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It’s a little over a week until election day and the local campaigns are in full swing. As a political science graduate from Utah State University and a many-times-over campaign staffer or manager, I learned some interesting tidbits that I often reflect on when local elections come around.

First, local elections can be overlooked by the general population. The percentages of people who vote in national and state elections tend to be much higher. Out of 10,000 registered voters, around 6,000 will vote in a presidential election. About 4,000 will participate in a midterm. In most local city or county elections, less than 15% of registered voters, or about 1,500 out of 10,000, will come to the polls or mail in ballots.

The irony is that a single vote makes little difference in a big election. But in a local election, a handful of votes can tip the scales. In Cache Valley, more than one election has been decided by a single vote. The smaller the election, the more important your vote is.

Not only that, the local elections determine who will be guiding the community at its most detailed level. After all, mayors and city councils determine zoning regulations, create city plans, and are responsible for local property taxes and utility costs.

Despite that, many people do not participate in local elections. Or if they do, they fall into the 80% of uninformed voters who vote based solely on name recognition.

Which brings us to tidbit number two: name recognition. Ever wonder why the Kennedys and the Bushes of the world do so well at election time? Or why campaign posters and fliers seem to be growing on trees during elections?

It’s all in the name. The more a name is up in lights, the more likely it is that a voter will recognize that name on election day and check the box beside it.

In Cache Valley, that might not be as much of an issue since many people are familiar with their mayoral and council candidates. But for minor offices or less familiar ones, like judges, name recognition brings results.

The job of every political machine is to put the candidates name in bigger, bolder display. Generally speaking, the candidate with the bigger budget can get his or her name out in front of more voters. That means the candidate with the most money often wins.

So the question is how can an everyday voter be sure they aren’t swayed by the advertising of deep pocketed candidates? Or how can a voter tell which candidate best represents them in spite of campaign slogans and shiny posters?

Which brings me to my final point: it’s easier than ever for voters to become well informed.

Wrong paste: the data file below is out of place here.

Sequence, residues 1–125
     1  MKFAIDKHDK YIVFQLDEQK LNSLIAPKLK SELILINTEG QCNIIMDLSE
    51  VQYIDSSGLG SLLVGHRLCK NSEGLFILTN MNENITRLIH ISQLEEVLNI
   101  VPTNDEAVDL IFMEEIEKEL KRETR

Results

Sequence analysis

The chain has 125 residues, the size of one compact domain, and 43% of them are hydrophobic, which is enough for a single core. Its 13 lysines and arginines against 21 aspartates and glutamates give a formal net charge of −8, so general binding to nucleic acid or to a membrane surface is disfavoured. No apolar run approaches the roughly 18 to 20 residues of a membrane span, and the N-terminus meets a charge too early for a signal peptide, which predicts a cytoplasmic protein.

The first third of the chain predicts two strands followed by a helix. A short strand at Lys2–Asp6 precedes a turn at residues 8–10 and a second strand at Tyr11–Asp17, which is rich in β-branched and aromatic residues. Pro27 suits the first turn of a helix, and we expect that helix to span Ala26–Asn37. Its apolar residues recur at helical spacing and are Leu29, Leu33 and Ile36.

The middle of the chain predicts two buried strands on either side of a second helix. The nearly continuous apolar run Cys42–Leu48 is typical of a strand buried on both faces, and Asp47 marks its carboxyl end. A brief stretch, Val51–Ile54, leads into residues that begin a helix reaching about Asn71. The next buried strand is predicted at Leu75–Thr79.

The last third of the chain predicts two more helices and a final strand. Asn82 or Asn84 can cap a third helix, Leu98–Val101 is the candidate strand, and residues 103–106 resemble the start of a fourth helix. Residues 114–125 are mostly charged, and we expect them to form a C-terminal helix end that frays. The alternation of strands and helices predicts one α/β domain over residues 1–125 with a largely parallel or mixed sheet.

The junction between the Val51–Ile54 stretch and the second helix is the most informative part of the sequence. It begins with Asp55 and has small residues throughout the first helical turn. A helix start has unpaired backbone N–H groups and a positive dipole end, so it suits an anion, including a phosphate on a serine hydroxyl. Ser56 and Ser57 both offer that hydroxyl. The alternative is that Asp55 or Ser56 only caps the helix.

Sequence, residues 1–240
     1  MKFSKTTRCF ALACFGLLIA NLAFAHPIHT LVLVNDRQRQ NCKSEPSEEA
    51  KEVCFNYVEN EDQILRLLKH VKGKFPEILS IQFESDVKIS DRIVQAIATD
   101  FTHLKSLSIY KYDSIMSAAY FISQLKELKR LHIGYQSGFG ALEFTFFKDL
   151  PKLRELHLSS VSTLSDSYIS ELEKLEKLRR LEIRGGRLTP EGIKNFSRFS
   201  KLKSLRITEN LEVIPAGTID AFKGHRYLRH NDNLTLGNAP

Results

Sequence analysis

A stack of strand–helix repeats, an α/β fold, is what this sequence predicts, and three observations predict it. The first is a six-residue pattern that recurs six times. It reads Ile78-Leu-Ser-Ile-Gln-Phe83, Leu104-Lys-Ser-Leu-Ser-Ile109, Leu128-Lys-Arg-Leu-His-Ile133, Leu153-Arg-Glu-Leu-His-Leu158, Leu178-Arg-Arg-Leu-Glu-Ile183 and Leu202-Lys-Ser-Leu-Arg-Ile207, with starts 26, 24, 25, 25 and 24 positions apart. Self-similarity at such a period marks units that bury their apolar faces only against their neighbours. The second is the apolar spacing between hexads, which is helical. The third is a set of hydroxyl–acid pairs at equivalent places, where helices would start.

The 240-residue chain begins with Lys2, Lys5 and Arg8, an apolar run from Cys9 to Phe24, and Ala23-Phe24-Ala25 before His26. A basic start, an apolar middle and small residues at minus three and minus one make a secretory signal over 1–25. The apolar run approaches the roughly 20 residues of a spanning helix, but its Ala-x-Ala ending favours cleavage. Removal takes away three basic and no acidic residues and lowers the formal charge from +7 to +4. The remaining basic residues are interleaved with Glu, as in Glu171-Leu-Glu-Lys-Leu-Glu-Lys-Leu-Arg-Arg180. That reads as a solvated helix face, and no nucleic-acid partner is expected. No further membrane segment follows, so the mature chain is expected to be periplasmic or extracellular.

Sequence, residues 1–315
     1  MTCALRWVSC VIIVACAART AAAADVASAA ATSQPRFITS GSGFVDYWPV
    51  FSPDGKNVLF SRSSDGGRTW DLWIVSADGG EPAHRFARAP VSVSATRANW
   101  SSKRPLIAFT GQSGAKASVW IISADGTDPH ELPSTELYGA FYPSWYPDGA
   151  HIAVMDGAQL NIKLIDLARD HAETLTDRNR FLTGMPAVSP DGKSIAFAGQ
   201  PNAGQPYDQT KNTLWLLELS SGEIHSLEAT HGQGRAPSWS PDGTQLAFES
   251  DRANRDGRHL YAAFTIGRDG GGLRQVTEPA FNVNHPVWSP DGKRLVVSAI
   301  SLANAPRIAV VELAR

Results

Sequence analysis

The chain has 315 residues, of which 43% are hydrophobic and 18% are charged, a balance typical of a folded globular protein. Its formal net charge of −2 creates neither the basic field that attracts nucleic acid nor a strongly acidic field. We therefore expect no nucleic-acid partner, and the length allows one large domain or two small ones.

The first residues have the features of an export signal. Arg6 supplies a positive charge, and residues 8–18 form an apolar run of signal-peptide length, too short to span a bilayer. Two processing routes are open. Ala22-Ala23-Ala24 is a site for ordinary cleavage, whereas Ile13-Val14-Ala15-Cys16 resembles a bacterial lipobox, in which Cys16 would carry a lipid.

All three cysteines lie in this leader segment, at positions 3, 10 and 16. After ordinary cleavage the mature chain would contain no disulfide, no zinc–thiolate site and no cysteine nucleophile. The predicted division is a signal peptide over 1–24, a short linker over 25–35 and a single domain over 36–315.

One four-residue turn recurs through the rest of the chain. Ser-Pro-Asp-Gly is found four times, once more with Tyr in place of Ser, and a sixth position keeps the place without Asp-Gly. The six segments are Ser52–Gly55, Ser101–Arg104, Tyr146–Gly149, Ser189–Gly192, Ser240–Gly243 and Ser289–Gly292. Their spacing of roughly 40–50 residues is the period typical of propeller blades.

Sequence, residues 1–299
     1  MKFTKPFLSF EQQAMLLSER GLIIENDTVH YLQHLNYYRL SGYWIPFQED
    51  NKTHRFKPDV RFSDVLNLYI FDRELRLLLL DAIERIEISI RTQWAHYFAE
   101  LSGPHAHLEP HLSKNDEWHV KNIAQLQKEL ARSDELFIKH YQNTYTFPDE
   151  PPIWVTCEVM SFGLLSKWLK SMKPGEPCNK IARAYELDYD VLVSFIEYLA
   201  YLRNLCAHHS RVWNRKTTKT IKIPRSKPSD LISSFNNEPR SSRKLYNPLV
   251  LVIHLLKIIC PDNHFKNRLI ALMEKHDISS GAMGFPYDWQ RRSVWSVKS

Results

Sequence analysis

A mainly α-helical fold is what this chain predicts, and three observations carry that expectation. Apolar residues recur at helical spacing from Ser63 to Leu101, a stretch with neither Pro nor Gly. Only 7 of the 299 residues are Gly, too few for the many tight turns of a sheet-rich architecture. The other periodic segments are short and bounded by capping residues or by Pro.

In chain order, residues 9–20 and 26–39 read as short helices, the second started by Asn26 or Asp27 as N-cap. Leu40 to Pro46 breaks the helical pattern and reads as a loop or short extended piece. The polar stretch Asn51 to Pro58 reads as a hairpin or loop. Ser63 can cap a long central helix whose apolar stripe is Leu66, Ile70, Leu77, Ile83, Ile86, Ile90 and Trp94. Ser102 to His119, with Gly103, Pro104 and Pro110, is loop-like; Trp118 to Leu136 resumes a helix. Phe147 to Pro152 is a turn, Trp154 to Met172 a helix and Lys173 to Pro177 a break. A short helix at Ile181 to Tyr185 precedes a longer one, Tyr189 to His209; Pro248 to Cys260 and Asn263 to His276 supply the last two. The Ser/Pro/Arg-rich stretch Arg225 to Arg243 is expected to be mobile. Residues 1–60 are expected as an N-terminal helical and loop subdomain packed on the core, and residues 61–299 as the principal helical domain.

Almost every candidate has a website, a blog, or a social media presence. Websites like vote.utah.gov are also helpful, as they show a profile of most candidates. Looking up a candidate for even a few minutes can tell a voter where the candidate leans and what they intend to do to benefit the community.

In addition, candidates running for reelection often have voting records which can be perused online. Most city meetings have minutes available on their websites or on hardcopy at the city offices. An hour or two of reading minutes will show a voter how a candidate uses his or her opportunities in office.

And of course, there are the candidates themselves. Most candidates are more accessible to the public than in any previous generation. They will give out an email, or even a phone number, for voters to contact them. If a voter has questions that are not covered in online sources, that voter can drop the candidate a line.

All that information is accessible for a reason. Today’s voters demand more responsiveness and accountability from their elected officials. That is usually a good thing. There are times, though, when even the voters can go too far, letting loose in public forums, calling names, shouting, and even cursing at candidates and officials. That’s absolutely uncalled for.

While voters are important and should be listened to, having a voice in the community doesn’t give anyone the right to abuse an elected representative.

Elected representatives are trying to balance their own opinion with the public’s opinion. All things considered, most local officials do a very fine job of that. When they don’t, elections always come around. It’s probably no coincidence that “Time for a change” is the most popular and well-received campaign slogan in history.

To summarize, now is the time for voters to decide the fate of the community. Instead of griping about elected officials and having recall elections, it benefits voters to take the time to become informed prior to election day an cast a ballot. There’s plenty of information out there, even on local candidates. And the more voters know about the candidates, the better they can judge if the candidate will represent them well.

This election, maybe it is “Time for a Change.” It’s time for local voters to make sure they are engaged, involved, and informed. As a community, we can overcome the dismal statistic of low voter turnouts this November 2 by taking time to visit the polls. After all, in Cache Valley one vote can make the difference. That’s a tidbit you can vote for every time.

Kate E Anderson is a mother of five living in North Logan. She can be reached at katecole9@yahoo.com

Please be aware that Cache Valley Publishing does not endorse, and is not responsible for alleged employment offers in the comments.

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